We are moreover made acquainted with the nature of this blessing. It will consist in the universal and cordial admission of all those principles, and in the cultivation of all those affections, which we have proved, from the nature of man, to be essential to his well-being, Principles and dispositions that shall subdue the ignorance, immoralities, and impieties which have deluged the world, and introduce universal

* Ezek, ch. xvii. y. 22, 23.

peace, prosperity, and social happiness. . In other words, the love of virtue, implicit obedience to the laws of moral obligation, and the consolations of rational religion, shall prevail.

We are also informed that this new and desi. rable æra is to be introduced by a distinguished personage, in whom are centered the sublimest virtues ; in whom will be united superior dignity and elevation of character, with a state of humiliation and personal sufferings. To this state of things is there a partial reference in the passages already quoted. In other passages, all the circumstances which are so conducive to universal felicity, are, according to the impetuosity of prophetic language, collected together in one glorious assemblage.

6. There shall come forth a rod out of the stem of Jesse, aud a branch shall grow out of his roots, and the Spirit of the Lord shall rest upon him, the spirit of wisdom and understanding, the spirit of counsel and might, the spirit of knowledge and of the fear of the Lord; and he shall not judge after the sight of his eyes, neither reprove after the hearing of his ears," .“ but with righteousness shall he judge the poor,

and equity, for the meek of the earth; and he shall smite the earth,"_not with a sword, but“ with

reprove with

the rod of his mouth, and with the breath of his lips shall he slay the wicked. And righteous ness shall be the girdle of his loins, and faithfulness the girdle of his reins.” The subjugation of all the turbulent passions, which have always diffused misery proportionate to their prevalence, while they degrade rational man to a level with the most noxious animals; and the delightful harmony that shall result from mutual good-will, are beautifully described by those striking metaphors, “ The wolf shall dwell with the lamb, and the leopard shall lie down with the kid; and the calf, and the young lion, and the fatling together; and a little child shall lead them; and the cow and the bear shall feed; their young ones shall lie down together; and the lion shall eat straw like the ox, and the suckling shall play on the hole of the asp, and the weaned child shall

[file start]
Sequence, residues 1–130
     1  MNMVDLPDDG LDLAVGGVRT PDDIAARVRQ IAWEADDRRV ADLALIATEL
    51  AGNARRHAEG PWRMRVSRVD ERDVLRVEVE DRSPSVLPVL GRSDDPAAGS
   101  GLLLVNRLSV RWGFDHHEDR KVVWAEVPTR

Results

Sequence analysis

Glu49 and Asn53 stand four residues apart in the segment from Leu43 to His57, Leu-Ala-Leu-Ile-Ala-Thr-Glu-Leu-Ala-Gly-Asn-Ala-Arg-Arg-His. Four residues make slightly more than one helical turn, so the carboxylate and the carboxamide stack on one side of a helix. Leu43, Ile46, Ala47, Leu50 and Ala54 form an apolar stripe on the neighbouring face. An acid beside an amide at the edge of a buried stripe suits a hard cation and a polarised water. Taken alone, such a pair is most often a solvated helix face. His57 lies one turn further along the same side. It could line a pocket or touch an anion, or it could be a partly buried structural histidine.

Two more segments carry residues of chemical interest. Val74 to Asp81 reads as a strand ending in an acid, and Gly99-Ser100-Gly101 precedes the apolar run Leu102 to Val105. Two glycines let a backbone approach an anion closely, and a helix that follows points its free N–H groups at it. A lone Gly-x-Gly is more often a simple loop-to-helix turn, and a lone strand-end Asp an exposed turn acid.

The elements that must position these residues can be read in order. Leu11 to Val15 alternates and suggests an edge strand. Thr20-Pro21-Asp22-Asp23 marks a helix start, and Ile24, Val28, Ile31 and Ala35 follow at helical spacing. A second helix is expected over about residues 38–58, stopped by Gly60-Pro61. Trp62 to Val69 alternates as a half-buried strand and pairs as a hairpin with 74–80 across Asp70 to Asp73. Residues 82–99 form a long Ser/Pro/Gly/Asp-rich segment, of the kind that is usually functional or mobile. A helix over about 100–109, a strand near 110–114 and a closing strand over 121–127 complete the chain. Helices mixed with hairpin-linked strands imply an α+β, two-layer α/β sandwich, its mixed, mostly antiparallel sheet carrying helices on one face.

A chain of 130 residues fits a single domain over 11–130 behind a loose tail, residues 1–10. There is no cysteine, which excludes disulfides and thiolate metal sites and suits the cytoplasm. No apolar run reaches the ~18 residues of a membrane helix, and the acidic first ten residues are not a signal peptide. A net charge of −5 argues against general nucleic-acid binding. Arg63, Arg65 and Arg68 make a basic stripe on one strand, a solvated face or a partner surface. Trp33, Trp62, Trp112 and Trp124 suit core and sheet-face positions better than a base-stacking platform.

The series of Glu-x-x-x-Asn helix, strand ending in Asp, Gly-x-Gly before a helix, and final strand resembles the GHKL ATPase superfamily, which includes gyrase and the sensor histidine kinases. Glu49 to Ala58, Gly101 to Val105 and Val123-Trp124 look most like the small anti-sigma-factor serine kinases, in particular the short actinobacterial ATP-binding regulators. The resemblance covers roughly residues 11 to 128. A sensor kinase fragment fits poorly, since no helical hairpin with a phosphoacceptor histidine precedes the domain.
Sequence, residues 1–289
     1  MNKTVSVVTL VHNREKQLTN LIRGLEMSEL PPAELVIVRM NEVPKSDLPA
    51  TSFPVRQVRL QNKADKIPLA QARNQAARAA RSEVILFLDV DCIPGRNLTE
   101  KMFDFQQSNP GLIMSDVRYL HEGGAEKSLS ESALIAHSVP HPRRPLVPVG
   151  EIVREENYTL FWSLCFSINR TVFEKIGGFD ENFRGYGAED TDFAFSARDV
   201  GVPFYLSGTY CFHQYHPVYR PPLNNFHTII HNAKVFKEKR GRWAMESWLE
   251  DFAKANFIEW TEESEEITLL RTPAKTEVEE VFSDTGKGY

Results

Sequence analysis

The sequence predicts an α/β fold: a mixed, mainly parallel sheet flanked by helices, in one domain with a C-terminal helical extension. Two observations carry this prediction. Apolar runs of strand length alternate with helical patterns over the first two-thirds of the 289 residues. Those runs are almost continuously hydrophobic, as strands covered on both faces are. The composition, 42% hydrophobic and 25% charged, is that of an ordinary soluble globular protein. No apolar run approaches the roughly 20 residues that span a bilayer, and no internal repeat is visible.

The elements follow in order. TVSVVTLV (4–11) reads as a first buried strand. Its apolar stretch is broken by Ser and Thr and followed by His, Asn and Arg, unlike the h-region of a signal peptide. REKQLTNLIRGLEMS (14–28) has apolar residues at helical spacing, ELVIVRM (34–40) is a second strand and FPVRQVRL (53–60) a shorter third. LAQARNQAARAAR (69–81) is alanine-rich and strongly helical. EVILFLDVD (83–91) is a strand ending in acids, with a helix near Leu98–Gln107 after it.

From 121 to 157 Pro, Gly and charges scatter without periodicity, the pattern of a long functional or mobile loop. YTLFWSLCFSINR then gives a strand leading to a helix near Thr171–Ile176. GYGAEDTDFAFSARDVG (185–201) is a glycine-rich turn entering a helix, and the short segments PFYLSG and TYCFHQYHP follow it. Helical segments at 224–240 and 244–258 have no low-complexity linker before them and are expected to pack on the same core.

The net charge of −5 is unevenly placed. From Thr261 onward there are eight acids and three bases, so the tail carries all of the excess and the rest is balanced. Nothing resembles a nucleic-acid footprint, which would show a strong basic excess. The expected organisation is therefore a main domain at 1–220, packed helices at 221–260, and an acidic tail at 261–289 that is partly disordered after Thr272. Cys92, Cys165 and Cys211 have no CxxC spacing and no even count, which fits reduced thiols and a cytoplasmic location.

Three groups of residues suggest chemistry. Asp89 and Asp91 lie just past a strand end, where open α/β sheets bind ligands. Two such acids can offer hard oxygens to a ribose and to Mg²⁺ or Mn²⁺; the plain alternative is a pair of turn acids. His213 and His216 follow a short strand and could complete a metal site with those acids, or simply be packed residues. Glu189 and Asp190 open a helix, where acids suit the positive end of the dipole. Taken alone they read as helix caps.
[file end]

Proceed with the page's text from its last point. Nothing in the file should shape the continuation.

put his hand on the cockatrice's den. They shall not hurt nor destroy in all my holy mountain ; for the earth shall be full of the knowledge of the Lord as the waters cover the sea. Human ingenuity shall no longer be exercised to invent instruments of destruction, to be admired in proportion as they become tremendous, but to discover, multiply, and diffuse the means

# Is, ch, xi. y. 1, 9.